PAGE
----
Another way to define social drinking would be to consider the safe limits of alcohol use. The recommendation is that men between the ages of 21 and 65 should not consume more than 2 drinks a day. Women and everyone who is over the age of 65 should not consume more than one drink per day. Those who drink regularly above the safe limits are at increased risk of:

  • Certain cancers
  • Cardiovascular accidents
  • High blood pressure
  • Accidents while under the influence
  • Progression to alcohol abuse and addiction

Problem drinkers display clear differences between their drinking habits and those of alcoholics. In fact, according to the NIAAA, 72% of people have a single period of heavy drinking that lasts 3-4 years and peaks at ages 18-24 (typically occurs during the college years) that they phase out of. When problem drinkers are given sufficient reason to cut back on their drinking (i.e., have a negative drinking consequence, debilitating hangover, becoming a parent) they are able to self-correct and return to drinking in a low-risk manner.

While there is currently no world-wide consensus on how many drinks constitute problem drinking the term is often taken to mean consuming five or more standard drinks (male), or four or more drinks (female), on one occasion.

The CAGE questionnaire is a good indicator that someone is moving from social drinking to problem drinking. The questions on this test are:

  1. Have you ever felt the need to Cut down on your drinking?
  2. Have people ever Annoyed you by criticism of your drinking?
  3. Have you ever felt Guilty about your drinking?
  4. Have you ever taken a morning Eye-opener drink to steady your nerves or to get rid of a hangover?

Alcoholics may be given countless reasons to cut back on their drinking but they are unable to permanently cut back on their drinking. Alcoholics may have occasions where they drank in a low-risk manner, but they inevitably return to their alcoholic drinking patterns. High-functioning alcoholics (HFAs) in particular tend to minimize their drinking by falsely labeling it as a “problem” or as “heavy” drinking because they often do not believe that they fit the stereotype of an alcoholic. However, what defines an alcoholic is a person’s relationship to alcohol and not how they appear to the outside world in terms of their personal, professional or academic life.

Most American adults drink alcohol, yet fewer than ten percent ever develop drinking problems. Although moderate drinkers tend to live longer and healthier lives than both alcoholics and those who abstain from alcohol, moderate drinking is difficult to define and is often confused with social drinking.

Many high school and college students drink to excess and engage in risky drinking behaviors such as binge drinking and drinking and driving. Recent studies suggest that nearly half of all college students are binge drinkers consuming five or more drinks in short succession (Weschler, et al., 2008). The Harvard School of Public Health reported that students who engaged in binge drinking in high school usually continue this behavior in college and relatively few high school binge drinkers stop binge drinking in college. In addition, many students who did not binge drink in high school begin binge drinking in college (Harvard School of Public Health, 2012).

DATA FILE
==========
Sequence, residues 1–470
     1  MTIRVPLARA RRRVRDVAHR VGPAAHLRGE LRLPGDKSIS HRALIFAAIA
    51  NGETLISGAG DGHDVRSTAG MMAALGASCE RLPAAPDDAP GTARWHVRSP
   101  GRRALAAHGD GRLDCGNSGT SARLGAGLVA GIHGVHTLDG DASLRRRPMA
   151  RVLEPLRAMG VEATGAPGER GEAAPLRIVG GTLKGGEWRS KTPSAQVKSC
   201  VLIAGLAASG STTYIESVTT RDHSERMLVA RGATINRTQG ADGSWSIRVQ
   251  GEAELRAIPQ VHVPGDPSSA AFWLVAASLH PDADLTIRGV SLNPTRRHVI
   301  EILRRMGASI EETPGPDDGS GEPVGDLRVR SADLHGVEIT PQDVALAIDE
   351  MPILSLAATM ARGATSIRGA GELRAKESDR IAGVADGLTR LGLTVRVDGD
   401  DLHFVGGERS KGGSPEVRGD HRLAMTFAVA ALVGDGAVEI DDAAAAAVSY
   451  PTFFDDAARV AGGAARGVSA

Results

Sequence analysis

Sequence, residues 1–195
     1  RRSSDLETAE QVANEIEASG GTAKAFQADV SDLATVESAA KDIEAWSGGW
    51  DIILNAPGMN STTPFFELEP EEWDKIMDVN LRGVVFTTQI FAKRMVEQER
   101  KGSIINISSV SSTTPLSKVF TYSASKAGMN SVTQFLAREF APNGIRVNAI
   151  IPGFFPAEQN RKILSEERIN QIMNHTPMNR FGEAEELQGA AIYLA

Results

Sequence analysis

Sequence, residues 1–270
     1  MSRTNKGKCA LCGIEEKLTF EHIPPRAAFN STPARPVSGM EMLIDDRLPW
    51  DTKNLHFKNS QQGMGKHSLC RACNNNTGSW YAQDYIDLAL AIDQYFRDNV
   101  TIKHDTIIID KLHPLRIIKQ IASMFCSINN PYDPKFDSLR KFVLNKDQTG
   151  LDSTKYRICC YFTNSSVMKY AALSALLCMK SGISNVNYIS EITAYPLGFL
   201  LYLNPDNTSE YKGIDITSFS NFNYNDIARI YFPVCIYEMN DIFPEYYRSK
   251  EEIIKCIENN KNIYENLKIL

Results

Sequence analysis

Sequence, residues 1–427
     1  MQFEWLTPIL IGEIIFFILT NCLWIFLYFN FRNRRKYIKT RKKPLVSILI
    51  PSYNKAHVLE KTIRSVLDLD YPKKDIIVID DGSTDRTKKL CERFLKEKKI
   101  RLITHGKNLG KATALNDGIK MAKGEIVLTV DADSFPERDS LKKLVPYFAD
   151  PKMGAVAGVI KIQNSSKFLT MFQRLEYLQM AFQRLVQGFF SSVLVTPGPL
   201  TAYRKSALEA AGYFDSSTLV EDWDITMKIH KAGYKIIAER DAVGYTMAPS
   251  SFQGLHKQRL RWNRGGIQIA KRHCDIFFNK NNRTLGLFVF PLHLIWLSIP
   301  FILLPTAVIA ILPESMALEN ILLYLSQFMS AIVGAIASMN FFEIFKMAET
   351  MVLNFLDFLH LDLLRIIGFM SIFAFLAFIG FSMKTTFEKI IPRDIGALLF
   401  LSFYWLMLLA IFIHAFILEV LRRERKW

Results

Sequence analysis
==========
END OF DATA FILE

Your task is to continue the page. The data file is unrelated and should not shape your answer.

Forty percent of children who start drinking before the age of 15 will become alcoholics at some point in their lives, compared with 25% for those who begin drinking at age 17, and about 10% for those who begin drinking at ages 21 and 22 (Facts About Alcohol).

References

Alcohol Rehabilitation Center. “Facts About Alcohol.” Accessed July 1, 2012. http://www.alcoholrehabcenter.com/content/5126/facts-about-alcohol-from-social-drinking.php.
Harvard School of Public Health. “College Alcohol Study.” Accessed July 1, 2012. http://www.hsph.harvard.edu/cas/FAQ/index.html.
Wechsler, Henry, Meichun Kuo, Hang Lee, and George W. Dowdall. “Environmental Correlates of Underage Alcohol Use and Related Problems of College Students.” American Journal of Preventive Medicine 19 (2000): 24-29.
Weschler, Henry and Toben F. Nelson “What We Have Learned from the Harvard School of Public Health College Alcohol Study: Focusing Attention on College Student Alcohol Consumption and the Environmental Conditions That Promote It.” Journal of Studies on Alcohol and Drugs 69 (2008): 481-490.

  • North Carolina Essential Standards
    • Healthful Living (2010)
      • Grades 9 - 12

        • 9.ATOD.1 Understand the health risks associated with alcohol, tobacco, and other drug use. 9.ATOD.1.1 Explain the short-term and long-term effects of performance-enhancing drugs on health and eligibility to participate in sports. 9.ATOD.1.2 Analyze the role...
        • 9.ATOD.2 Apply risk reduction behaviors to protect self and others from alcohol, tobacco, and other drug use. 9.ATOD.2.1 Identify ways to avoid riding in a car or engaging in other risky behaviors with someone who is under the influence of alcohol or other...

North Carolina curriculum alignment

Healthful Living Education (2006)

Grade 9–12

  • Goal 5: The learner will choose not to participate in substance abuse.
    • Objective 5.05: Predict potential effects of an individual’s substance abuse on others.